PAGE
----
In their drive for unity, almost all the conservative politicians now label themselves “Osul-garayan”, or “Principalists.”

The reformist era of Iran is generally accepted to have occurred between the years 1997-2005, during President Khatami’s two terms in office.

Khatami and his allies were the remnants of the Islamic left faction, hardliners who from 1979 to 1989 were the driving force behind many of the Islamic Republic’s signature policies. Domestically this included violently eliminating the political opposition to the Islamic Republic, enforcing strict Islamic morality through revolutionary committees and nationalizing Iran’s economy. They were behind the seizure of the US embassy in Tehran and were instrumental to the founding of Hezbollah in Lebanon. In the first decade of the newly found Islamic Republic they had been strongly backed by the Vali-e Faqih or Supreme Leader Ayatollah Ruhollah Khomeini and governed through the Executive under then Prime Minister Mir-Hossein Mousavi (1981-1989).

Between 1988 to 1991, with the end Iran-Iraq War, the fall of the Soviet Union and the death of Ayatollah Khomeini, political stabilization of the state through social change, the Islamic left’s fortunes rapidly declined. Firstly the end of the war put an end to the state of emergency under which the Islamic left exercised their influence. Secondly, the collapse of the Soviet Union delegitimized the statist economy which had been used to govern the Iranian economy in the first decade of the Islamic Republic. Thirdly, the passing of Ayatollah Khomeini, the staunch backer of the Islamic left was a huge blow to their political power.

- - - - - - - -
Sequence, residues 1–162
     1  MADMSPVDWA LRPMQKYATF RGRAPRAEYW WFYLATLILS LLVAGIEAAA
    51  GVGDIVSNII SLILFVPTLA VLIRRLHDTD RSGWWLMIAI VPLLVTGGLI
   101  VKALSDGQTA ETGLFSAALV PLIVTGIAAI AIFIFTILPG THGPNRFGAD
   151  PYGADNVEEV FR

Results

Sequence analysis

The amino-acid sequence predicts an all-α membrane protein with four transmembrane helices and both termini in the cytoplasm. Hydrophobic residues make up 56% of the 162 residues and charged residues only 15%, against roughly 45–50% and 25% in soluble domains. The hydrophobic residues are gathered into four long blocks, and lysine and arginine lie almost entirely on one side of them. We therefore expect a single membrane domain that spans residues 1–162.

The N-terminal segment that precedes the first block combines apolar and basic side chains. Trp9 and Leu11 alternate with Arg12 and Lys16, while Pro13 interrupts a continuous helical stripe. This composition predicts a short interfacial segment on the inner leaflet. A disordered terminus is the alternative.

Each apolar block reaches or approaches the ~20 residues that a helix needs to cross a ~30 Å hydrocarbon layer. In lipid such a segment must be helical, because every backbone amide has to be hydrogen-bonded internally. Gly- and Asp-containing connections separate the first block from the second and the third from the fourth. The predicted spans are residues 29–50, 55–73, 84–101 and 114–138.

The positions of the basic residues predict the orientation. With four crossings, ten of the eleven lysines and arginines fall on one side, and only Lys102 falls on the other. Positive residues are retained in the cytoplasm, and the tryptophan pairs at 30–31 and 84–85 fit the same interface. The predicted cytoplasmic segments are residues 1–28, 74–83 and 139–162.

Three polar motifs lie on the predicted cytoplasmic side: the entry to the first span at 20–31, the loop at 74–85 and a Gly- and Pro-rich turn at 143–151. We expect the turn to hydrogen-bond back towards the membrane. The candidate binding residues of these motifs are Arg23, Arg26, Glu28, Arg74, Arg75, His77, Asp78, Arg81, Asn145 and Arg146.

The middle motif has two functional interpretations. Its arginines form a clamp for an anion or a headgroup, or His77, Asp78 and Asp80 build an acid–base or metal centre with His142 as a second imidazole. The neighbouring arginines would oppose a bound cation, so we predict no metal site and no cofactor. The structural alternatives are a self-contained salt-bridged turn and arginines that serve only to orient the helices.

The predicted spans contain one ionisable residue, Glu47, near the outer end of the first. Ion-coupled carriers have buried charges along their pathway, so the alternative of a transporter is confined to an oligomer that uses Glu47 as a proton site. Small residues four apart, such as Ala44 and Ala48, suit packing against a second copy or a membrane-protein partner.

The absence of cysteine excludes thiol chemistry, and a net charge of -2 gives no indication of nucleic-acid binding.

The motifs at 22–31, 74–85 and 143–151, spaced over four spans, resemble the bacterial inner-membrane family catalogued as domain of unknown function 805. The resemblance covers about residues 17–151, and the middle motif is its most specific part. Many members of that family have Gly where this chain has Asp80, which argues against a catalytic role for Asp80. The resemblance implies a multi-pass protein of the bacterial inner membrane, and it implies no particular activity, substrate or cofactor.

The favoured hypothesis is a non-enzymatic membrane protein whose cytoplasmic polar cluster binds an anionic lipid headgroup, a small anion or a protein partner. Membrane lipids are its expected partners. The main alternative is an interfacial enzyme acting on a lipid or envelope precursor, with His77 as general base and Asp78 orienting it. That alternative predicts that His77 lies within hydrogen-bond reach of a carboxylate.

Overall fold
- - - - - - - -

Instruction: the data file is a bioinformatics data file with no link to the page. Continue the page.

Their rivals, the Islamic right faction, capitalized on this by selecting their own Ayatollah Ali Khamenei as the new Supreme Leader and Rafsanjani as president, eliminating the Premiership from the constitution, veto-ing Islamic left election candidates through the Guardian Council, purging them from unelected state institutions, and more. Having been eliminated from the system, the Islamic left entered a period of retreat in which it reassessed its place in the Islamic Republic. They emerged from this process “reformed”, the namesake of their faction.

After having lost their standing in the Islamic Republic’s powerful non-elected institutions, the newly formed Reformists under Mohammad Khatami regained political power by appealing to Iran’s restless segments of society yearning for change, and channel popular frustration through elected institutions.